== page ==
17% of Brazilian Babies Still Don’t Get a Birth Certificate

    The Presidential secretary of Human Rights, Mário Mamede, concluded, Thursday, October 27, the defense of the second report evaluating the implementation in Brazil of the International Pact on Civil and Political Rights.

    Over the course of two days, before the United Nations (UN) High Commission on Human Rights, in Geneva, Mamede emphasized some of the advances and reported on some of the challenges faced by the country in the area of human rights.

    Among the advances, Mamede underscored the creation of the special secretariats for women’s policies and the promotion of racial equality and the national secretariat of human rights.

    One of the highlights was the implantation of a remedial quota system for blacks at universities, a measure already adopted by 17 of the country’s public universities.

    The Family Grant program also deserved special attention in the report. By the end of next year, this program is expected to reach 11.5 million families, which will have a guaranteed income enabling their children to attend school.

    Another conquest, according to Mamede, was the reduction in the number of unregistered children. According to the Brazilian Institute of Geography and Statistics (IBGE), in 2002, for every million children born in the country, 24.4% did not have a birth certificate. This index dropped to 17.1% in 2004.

    In the educational field, the report calls attention to the distribution of textbooks at the fundamental and secondary levels. 1.026 billion fundamental school textbooks have been distributed over the last ten years, and, altogether, 8.4 million students have been benefited. Also noted were programs to lower illiteracy rates. These programs have taken care of 1.6 million students in the past two years.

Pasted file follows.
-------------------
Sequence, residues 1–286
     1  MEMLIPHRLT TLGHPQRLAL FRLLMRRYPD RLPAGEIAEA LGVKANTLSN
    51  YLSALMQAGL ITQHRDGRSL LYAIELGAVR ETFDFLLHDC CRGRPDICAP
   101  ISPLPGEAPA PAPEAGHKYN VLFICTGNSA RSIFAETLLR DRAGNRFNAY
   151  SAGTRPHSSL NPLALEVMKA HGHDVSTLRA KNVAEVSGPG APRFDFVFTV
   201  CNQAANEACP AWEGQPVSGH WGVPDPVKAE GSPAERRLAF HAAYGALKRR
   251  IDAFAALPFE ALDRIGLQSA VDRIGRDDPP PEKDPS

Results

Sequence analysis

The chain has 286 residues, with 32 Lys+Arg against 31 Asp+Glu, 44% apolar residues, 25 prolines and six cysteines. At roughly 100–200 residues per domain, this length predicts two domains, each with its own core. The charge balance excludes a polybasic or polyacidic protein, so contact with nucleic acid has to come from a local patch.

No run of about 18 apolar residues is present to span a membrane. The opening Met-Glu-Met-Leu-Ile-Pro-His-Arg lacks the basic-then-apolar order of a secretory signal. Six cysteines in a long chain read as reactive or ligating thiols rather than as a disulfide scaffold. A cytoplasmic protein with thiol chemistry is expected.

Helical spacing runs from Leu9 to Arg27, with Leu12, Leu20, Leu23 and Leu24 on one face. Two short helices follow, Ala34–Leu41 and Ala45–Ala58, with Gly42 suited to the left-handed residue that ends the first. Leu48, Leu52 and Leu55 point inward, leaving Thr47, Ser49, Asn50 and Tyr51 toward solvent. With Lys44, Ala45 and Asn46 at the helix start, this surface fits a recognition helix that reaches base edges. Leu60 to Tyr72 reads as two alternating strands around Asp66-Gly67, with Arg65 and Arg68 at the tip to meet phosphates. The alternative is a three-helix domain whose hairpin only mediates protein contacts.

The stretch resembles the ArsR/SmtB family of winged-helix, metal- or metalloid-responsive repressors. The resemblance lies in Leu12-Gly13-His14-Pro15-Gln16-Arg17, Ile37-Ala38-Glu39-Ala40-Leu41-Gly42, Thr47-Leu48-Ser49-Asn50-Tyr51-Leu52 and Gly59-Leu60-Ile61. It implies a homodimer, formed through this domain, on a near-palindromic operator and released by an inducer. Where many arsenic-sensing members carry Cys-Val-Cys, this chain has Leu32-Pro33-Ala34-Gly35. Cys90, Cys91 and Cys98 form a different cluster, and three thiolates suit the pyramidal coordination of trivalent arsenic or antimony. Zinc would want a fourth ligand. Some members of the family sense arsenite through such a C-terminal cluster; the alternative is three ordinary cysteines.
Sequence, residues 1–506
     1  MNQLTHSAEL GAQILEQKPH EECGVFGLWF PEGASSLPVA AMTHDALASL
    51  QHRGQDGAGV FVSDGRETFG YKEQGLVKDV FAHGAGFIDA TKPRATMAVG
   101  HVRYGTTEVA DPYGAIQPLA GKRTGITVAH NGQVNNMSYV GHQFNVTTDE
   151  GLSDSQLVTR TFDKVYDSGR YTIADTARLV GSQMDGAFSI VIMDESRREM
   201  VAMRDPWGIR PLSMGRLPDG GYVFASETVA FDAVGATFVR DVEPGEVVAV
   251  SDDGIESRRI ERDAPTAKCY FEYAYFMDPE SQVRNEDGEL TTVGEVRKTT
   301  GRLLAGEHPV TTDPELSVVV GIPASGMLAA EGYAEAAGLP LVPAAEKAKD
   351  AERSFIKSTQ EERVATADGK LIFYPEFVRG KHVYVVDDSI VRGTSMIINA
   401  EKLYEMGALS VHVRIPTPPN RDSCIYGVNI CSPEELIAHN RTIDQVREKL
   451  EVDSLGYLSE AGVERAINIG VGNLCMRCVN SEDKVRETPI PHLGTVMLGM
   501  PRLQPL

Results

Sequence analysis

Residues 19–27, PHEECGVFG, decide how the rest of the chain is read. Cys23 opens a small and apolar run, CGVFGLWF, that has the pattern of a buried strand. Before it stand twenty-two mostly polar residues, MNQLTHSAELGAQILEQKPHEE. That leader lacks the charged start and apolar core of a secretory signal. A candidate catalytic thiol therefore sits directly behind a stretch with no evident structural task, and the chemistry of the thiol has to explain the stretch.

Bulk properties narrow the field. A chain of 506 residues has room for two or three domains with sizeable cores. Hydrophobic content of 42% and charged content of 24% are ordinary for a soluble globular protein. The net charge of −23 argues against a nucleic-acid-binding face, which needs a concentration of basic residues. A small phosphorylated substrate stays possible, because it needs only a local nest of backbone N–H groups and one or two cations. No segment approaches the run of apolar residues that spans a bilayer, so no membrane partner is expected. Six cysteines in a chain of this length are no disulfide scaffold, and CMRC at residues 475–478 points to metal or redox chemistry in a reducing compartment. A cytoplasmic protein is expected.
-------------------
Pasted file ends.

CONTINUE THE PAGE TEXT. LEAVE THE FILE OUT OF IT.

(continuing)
The Brazilian defense also showed what has been done to combat slave-like and child labor in Brazil. The Program for the Eradication of Child Labor (PETI) is cited in the report as a policy that is serving 930 thousand children, whose families receive cash payments to remove their children from the labor market.

    With regard to people with special needs, Mamede informed that Brazil is among the five most inclusive countries in the Americas, according to a 2003 UN report.

    Agrarian disputes in Brazil were another theme presented to the UN. The report shows that rural violence began to abate in 2004. According to the document, there were 42 rural assassinations attributable to agrarian conflicts in 2003, 16 in 2004, and 12 in 2005 (as of September).

    All the countries that ratified the International Pact are expected to submit evaluations to the UN on the implementation of the pact in their territories. Besides Brazil, reports were presented this month by Canada, Paraguay, and Italy.

    Agência Brasil

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    • karlos

      I am new to this site. I do not know Portuguese but I love their women.

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